Liz (_eliza_b) wrote in shawneen,
Liz
_eliza_b
shawneen

19th century Imperialism vs. America's role in the world

Take up the White Man's burden--
Send forth the best ye breed--
Go bind your sons to exile
To serve your captives' need;
To wait in heavy harness,
On fluttered folk and wild--
Your new-caught, sullen peoples,
Half-devil and half-child.

Take up the White Man's burden--
In patience to abide,
To veil the threat of terror
And check the show of pride;
By open speech and simple,
An hundred times made plain
To seek another's profit,
And work another's gain.

Take up the White Man's burden--
The savage wars of peace--
Fill full the mouth of Famine
And bid the sickness cease;
And when your goal is nearest
The end for others sought,
Watch sloth and heathen Folly
Bring all your hopes to nought.

Take up the White Man's burden--
No tawdry rule of kings,
But toil of serf and sweeper--
The tale of common things.
The ports ye shall not enter,
The roads ye shall not tread,
Go mark them with your living,
And mark them with your dead.

Take up the White Man's burden--
And reap his old reward:
The blame of those ye better,
The hate of those ye guard--
The cry of hosts ye humour
(Ah, slowly!) toward the light:--
"Why brought he us from bondage,
Our loved Egyptian night?"

Take up the White Man's burden--
Ye dare not stoop to less--
Nor call too loud on Freedom
To cloke your weariness;
By all ye cry or whisper,
By all ye leave or do,
The silent, sullen peoples
Shall weigh your gods and you.

Take up the White Man's burden--
Have done with childish days--
The lightly proferred laurel,
The easy, ungrudged praise.
Comes now, to search your manhood
Through all the thankless years
Cold, edged with dear-bought wisdom,
The judgment of your peers!

Having had this poem included in the World History exam, I happened to be thinking of it and mentioned it to my dad. He brought up an interesting point and I'm not sure what to make of it. He suggested that the attitudes reflected in "White Man's Burden" and imperialism are the same Americans are using now in Iraq and the rest of the world. Of course, one would like to say that there are major differences and that we've come farther than that, but I don't know. Perhaps America isn't going around intentionally destroying cultures for the sake of substituting our own, "superior" one, but we do act like we know what's best for everyone else, regardless of how they feel. Also, the line about "Bring[ing] all your hopes to nought" is reminiscent of Vietnam and currently Iraq. The leaders of this country seem to feel that we have a moral obligation to go around policing and safeguarding people, and indeed, as the wealthiest country I suppose we do have responsibilities. But is this any different from believing in an obligation to convert and control the "half-devil and half-child" natives of the poem? I wonder if, in the end, America would be willing to cede power to the people of Iraq, or anywhere else, if a democracy is ever set up.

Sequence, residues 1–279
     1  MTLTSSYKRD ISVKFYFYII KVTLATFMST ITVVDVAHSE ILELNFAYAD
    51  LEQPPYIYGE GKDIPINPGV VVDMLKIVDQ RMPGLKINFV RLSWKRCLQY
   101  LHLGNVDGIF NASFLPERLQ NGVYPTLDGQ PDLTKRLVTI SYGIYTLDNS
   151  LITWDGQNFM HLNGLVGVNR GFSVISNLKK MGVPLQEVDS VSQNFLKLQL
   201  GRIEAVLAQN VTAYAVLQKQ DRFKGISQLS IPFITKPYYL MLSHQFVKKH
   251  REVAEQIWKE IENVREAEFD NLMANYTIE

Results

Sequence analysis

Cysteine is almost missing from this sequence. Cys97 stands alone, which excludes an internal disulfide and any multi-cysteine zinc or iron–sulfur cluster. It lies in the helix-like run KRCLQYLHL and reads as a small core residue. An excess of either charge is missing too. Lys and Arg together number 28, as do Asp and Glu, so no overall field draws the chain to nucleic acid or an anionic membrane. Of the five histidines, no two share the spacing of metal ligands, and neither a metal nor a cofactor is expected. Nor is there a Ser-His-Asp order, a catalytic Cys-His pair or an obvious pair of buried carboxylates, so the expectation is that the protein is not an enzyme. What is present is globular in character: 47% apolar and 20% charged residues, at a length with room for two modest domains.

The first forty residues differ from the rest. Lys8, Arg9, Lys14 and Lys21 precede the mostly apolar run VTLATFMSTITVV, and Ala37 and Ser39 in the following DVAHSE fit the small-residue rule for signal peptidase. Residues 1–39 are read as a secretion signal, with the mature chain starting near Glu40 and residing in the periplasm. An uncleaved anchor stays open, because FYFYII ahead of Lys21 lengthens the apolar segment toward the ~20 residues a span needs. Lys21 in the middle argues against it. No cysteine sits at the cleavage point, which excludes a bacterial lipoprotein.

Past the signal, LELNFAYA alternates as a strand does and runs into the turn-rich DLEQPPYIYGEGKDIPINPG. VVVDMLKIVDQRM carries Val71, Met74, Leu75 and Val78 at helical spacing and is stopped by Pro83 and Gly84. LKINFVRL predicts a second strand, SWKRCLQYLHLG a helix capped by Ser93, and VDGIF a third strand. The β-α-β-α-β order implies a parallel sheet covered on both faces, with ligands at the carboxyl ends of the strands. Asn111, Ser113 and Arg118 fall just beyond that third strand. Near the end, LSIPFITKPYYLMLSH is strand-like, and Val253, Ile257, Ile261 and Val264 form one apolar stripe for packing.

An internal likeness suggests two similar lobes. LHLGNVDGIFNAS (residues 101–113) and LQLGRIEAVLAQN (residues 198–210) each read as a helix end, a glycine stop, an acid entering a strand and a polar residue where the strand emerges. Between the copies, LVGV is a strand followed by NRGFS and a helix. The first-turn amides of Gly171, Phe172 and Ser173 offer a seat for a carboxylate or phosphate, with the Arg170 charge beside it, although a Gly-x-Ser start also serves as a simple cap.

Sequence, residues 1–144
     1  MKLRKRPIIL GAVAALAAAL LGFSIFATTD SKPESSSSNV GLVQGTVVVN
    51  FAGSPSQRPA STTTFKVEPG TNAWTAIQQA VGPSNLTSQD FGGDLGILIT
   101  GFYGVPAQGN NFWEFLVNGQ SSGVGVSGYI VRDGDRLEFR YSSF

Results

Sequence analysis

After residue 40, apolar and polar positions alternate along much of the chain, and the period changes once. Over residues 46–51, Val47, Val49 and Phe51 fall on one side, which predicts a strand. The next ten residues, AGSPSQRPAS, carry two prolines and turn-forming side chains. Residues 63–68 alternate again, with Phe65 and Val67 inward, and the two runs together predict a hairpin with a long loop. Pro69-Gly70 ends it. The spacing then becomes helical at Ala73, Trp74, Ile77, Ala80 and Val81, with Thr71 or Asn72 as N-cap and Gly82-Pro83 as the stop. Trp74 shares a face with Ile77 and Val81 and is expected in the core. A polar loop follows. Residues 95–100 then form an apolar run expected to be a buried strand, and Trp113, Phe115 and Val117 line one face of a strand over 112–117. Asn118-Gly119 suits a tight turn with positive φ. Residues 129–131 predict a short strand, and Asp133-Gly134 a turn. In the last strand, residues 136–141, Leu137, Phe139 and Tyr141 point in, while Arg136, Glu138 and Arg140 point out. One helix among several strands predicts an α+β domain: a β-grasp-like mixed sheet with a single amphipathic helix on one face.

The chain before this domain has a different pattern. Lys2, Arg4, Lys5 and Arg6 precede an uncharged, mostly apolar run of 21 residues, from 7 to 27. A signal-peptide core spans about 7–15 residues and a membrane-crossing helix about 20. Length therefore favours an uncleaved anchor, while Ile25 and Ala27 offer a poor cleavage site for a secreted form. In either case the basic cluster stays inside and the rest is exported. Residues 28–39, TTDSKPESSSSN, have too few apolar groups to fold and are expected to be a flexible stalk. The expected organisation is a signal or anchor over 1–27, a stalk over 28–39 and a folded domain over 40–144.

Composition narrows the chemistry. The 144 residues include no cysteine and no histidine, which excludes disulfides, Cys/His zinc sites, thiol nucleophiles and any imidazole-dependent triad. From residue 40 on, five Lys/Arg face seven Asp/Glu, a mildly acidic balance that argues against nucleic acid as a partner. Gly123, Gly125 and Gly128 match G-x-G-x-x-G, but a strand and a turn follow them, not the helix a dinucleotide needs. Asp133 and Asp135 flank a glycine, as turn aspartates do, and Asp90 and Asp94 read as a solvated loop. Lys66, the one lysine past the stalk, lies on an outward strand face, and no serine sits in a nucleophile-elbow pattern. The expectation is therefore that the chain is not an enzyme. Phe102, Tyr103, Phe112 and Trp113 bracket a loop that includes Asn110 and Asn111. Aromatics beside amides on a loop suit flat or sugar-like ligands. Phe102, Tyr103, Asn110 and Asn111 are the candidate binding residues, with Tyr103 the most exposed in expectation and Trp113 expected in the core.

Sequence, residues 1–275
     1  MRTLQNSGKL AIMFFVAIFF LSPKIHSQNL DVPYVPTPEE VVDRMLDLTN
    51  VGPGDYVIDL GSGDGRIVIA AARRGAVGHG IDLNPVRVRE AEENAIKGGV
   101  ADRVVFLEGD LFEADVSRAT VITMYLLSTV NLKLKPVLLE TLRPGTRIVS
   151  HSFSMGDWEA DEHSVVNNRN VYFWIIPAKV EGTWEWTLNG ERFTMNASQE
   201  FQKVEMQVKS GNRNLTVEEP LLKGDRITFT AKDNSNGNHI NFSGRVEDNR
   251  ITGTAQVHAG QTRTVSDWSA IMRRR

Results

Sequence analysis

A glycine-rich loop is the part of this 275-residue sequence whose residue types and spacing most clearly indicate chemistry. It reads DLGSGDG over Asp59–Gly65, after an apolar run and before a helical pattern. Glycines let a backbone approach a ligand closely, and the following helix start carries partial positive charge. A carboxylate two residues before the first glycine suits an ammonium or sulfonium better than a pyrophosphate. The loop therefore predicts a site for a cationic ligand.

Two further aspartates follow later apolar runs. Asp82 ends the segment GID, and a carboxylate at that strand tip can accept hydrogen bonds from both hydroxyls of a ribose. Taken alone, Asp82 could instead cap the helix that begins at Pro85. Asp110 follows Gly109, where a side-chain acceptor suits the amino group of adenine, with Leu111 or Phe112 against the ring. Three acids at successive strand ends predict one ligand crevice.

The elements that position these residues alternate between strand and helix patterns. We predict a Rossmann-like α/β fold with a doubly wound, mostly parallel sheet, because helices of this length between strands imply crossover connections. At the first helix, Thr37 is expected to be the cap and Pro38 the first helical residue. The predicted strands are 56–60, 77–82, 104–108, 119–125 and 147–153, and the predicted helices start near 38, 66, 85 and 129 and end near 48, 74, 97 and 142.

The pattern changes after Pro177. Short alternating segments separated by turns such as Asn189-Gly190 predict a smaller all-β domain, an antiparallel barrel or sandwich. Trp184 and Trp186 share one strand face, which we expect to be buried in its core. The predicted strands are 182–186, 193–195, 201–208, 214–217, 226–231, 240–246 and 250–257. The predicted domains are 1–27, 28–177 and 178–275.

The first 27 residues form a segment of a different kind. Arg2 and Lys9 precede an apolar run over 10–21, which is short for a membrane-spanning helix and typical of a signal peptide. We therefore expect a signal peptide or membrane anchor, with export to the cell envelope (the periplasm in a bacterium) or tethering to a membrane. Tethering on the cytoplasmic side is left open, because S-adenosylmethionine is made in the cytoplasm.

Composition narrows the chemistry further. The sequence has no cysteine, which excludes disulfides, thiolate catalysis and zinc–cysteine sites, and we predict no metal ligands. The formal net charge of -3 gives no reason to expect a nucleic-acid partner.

In all fairness, we are not trying to takeover the world solely for economic profit or to establish colonies, I believe, like the Imperialist powers were a century ago. There is a genuine will to improve the lives of the peoples of other nations, and to protect them from cruel regimes, human rights violations, and so on. Nevertheless, the undercurrents of superiority and condescension sound somewhat like American leaders today, and the quiet resentment and hatred of the foreign peoples is also strangely familiar.
Apparently this poem was written in response to the American takeover of the Philippines after the Spanish-American War.
(Um...Paula, if you read this, remember that my dad is a Republican, so don't start going on about a crazy liberal bias and stuff. Also, I tried to be objective in this. The end.)
Subscribe
  • Post a new comment

    Error

    default userpic
  • 2 comments